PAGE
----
A balanced team is made up of cross-disciplinary members who possess the right balance of skills, perspectives, and resources needed to support the completion of product goals. Having a balanced variety of skills and perspectives allows the team to function on its own, make informed product decisions, and use iterative delivery.
Common Roles of a Balanced Team: Product manager, developers, designers, researchers, stakeholders, and client liaison.
User-centered Design Methodology
User-centered design focuses on understanding the goals, challenges, and context of users throughout the complete user experience. This is done by engaging users via a combination of investigative and generative tools throughout each phase of the design process, and enables design teams to create desirable and usable products.
Common Practices of a User-centered Design: Formative, generative and summative research.
|Formative Research||Generative Research||Summative Research|
|User Interviews||Affinity Diagramming||Usability Testing|
|User Surveys||User Personas||Heuristic Evaluation|
|User Observation||Journey Mapping||Cognitive Walkthrough|
Lean Design Methodology
Lean Design emphasizes using minimal resources to create value-driven, user-centered products by investigating and validating assumptions about what users really need. A core element of Lean Design is the principle of continuous improvement via the build-measure-learn cycle.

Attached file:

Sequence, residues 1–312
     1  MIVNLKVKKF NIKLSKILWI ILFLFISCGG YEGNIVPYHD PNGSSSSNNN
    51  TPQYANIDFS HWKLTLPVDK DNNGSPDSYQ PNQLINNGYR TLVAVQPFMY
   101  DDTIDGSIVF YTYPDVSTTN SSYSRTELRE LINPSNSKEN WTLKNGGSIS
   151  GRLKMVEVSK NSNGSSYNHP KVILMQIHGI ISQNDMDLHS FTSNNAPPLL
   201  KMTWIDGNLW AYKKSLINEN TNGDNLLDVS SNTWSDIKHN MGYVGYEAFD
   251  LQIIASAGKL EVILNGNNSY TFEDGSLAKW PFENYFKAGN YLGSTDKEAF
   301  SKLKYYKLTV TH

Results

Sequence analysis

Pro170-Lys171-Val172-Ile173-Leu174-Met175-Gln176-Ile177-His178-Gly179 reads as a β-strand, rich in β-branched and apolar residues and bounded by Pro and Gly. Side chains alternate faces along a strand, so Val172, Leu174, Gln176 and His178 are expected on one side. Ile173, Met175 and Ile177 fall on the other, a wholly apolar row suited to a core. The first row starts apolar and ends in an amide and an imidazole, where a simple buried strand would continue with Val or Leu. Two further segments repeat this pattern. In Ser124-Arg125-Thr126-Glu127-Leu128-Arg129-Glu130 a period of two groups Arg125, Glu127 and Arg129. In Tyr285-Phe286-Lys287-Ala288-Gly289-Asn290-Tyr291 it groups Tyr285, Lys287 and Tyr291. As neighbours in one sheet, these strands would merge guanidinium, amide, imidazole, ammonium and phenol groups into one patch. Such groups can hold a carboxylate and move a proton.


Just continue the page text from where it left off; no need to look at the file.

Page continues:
The build-measure-learn cycle begins with ideas and involves building a minimal viable product (MVP) for users to try so that designers can measure their reactions and learn from the results. Based on their discoveries, designers will create a new small product for users to try and continue testing assumptions in order to learn what users really want as quickly as possible.
See example on how to utilize lean design methodology to ideate and validate: Samba Safety Qorta SaaS
Common Practices of Lean Design: Minimum Viable Product (MVP), actionable metrics, pivot or persevere, build-measure-learn cycles, lean business canvas.
“By the time that it is ready for wide distribution, the product will already have established users.”
Agile Design Methodology
Agile design is an iterative method that enables teams to be quick and flexible, in response to user feedback and changing requirements, without sacrificing quality. In agile design, product requirements are divided into multiple increments that can be worked on and delivered independently through a collaborative process, involving continuous requirement changes and user validation.
Common Practices of Agile Design: Expecting changes in requirements, shared vision, frequent communication, small and frequent releases.
“The goal of Agile Design is not to create a design deliverable, but to improve the design in small iterative increments.”
Combining practices and principles from the balanced team, user-centered, lean, and agile design methodologies, will streamline design processes for higher efficiency and success – enabling designers and their teams to release quality, meaningful products more often.
Read more in Why Products Fail, Balanced Teams, User-Centered Design, Lean Startup, Build-Measure-Learn and Agile Design.